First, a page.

Porta Napoli, also known as the Arc de Triomphe (now that sounds vaguely familiar) is the triumphal arch of Lecce, marking the entrance to the historic city.  It was built in 1548 in celebration of the accomplishments of Emperor Charles V of Habsburg to commemorate his rebuilding of the Castle along with the protective walls surrounding Lecce.  Passing through this arch outbound, the road eventually led you to Naples and thus the derivation of its name “Doorway to Naples”.
Fortunately, the old center of Lecce is not very large. About ten minutes later we emerged before a towering archway that had to be Porta Napoli.  Knowing we were close, I called the B&B.  Its owner, Mino, answered and said he would meet us there shortly.  We were to just wait in the square before the arch.  We were doing just that, along with discussing how Mino would recognize us to which Mare replied “we’re foreign tourist Paul, he call tell!”, when surprisingly my cellphone rang.  Mino had to have been a movie buff, maybe a “James Bond” or spy novel fan, to have known this trick.  Having entered the Porta area himself, he had simply dialed my number, now captured in his cellphone, and listened for a ring somewhere close by in the crowd.  I was impressed as he swooped in to collect us!

          Our accommodating host led us along quiet side streets to a nearby residential neighborhood only a few minutes walk from busier thoroughfares lined with inviting restaurants and art shops all folded into the cocoon of beautiful architecture this city is famous for.  Tucked away as it was, I doubt we would have been able to find it on our own.  Utility trucks parked in the street before a telephone switching center of sorts camouflaged its non-descript façade.  Only a small sign on the door - “B&B Il Monastero, Arte e Relax” - hinted at its existence.  About then we needed to relax.  The “B” for bed also pulled at us.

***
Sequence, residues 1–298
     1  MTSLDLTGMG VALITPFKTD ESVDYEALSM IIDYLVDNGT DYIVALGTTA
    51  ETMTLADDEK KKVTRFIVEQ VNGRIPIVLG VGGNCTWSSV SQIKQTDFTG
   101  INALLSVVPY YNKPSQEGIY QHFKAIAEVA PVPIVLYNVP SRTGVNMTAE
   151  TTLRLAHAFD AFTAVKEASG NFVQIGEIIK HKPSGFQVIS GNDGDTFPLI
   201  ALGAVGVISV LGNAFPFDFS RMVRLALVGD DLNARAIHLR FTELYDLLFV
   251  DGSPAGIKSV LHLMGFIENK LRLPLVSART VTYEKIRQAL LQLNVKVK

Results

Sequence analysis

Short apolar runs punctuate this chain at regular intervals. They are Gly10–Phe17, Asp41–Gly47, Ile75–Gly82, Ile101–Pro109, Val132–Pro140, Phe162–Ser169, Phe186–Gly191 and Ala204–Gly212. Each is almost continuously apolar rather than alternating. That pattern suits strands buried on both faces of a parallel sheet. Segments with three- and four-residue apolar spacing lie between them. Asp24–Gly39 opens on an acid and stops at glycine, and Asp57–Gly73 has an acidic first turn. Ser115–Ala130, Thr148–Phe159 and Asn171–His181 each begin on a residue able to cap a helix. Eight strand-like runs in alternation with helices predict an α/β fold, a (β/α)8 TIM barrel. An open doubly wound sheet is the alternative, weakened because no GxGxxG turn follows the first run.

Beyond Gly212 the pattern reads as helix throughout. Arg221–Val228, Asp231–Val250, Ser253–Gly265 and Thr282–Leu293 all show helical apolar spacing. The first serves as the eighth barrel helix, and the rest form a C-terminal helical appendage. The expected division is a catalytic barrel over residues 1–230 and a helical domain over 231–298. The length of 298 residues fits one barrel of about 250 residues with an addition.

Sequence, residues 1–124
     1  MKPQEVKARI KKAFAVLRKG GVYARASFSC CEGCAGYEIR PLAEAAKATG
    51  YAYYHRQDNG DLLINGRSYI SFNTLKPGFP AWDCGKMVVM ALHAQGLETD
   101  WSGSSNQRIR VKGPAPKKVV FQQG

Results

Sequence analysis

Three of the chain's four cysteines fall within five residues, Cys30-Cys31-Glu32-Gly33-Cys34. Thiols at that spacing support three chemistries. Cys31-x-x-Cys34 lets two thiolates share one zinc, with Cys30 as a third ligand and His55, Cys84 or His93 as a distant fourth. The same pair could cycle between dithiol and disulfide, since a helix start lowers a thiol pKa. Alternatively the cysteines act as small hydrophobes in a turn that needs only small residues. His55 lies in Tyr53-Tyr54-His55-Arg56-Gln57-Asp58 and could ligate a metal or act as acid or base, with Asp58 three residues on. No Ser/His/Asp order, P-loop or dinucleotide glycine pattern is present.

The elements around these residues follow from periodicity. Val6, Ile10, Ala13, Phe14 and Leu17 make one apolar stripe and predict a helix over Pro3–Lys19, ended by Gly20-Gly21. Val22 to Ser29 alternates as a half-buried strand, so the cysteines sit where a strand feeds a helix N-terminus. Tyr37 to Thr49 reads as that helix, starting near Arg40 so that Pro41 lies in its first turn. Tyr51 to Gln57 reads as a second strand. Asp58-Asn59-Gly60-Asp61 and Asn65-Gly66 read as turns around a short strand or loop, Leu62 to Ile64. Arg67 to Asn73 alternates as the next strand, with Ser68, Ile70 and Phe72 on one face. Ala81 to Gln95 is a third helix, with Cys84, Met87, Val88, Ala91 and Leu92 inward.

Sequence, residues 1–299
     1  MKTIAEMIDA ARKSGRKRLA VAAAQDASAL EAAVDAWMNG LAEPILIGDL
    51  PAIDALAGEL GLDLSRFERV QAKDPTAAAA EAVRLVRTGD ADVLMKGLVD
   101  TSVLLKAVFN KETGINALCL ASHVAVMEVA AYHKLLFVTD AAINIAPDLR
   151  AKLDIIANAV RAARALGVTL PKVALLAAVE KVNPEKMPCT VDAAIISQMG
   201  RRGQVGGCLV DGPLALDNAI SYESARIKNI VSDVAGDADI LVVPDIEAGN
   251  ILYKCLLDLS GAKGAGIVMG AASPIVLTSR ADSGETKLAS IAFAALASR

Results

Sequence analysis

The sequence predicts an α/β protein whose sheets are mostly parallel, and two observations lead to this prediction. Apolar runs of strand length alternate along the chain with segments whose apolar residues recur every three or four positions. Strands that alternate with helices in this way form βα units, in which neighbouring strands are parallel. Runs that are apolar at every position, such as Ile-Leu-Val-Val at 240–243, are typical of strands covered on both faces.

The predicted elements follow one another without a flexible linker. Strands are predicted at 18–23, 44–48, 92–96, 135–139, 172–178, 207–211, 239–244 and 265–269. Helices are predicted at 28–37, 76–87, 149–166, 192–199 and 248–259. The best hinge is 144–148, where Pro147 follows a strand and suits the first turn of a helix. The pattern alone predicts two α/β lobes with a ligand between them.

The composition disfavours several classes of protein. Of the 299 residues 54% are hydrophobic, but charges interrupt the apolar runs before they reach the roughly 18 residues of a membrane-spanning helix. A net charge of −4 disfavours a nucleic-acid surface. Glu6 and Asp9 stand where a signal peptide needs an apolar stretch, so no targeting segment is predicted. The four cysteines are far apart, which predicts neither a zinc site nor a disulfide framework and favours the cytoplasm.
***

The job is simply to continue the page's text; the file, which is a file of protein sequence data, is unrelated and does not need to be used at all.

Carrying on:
Finally arrived, we were greeted by our friends.  Like a mirage, Roberta appeared angelic-like, an apparition from above.  Extending a hand over the railing of a balcony, she tempted us with a glass of cooled white wine. Dan by her side held the bottle, as a final inducement to come inside Il Monastero and enjoy.  We had finally arrived, drugged with exhaustion.  There was no hesitation on our part.
Il Monastero was as advertised.  I wouldn’t say the Monastero B&B is located in the heart of Lecce's historic center.  More to the west side as we learned on foot, it could more easily be described as lying in the city’s right ventricle.  Stepping into its heart through a small wooden door within a much larger door, we entered a broad, stone-lined foyer leading to wide stairs which deposited us al piano di sopra (upstairs) in a bright, marble-floored living room.  We found its décor an eclectic mix of new and old, stylish modern and historic, where contemporary blended with an ancient world.  Throughout, photos of around-the-world adventures of our host brought a personal touch to this boutique B&B.  In a former incarnation it had been a seventeenth century palace, which once accommodated French nuns of Chedry … and here I’d always thought a monastery was a place of male religious, while a convent accommodated their female counterparts.
A few hours later, now relaxed and thanks to our friends, certainly refreshed, we were out wondering the streets, this time together.  We strolled toward one of Lecce’s major attractions, the Duomo, only a few minutes away.  Inside, I sat for a time taking in its splendor.  Tacked to the crucifix above the main altar, here as in all Catholic Churches, was the familiar inscription “INRI” (Iesus Nazerreno Rex Iudeorum – Jesus King of the Jews).  Looking up at it I smiled as I always do when I recall how Maria Elena, as a young girl growing up in Rhode Island and kneeling in church, had for years thought these four letters atop the cross meant IN Rhode Island!  I wish I had known her then, pigtails and all.  Later, after that brief visit inside the cool interior of the Duomo, we sat in the soft light of a nearby outdoor café and people-watched while sipping Aperol Spritzers.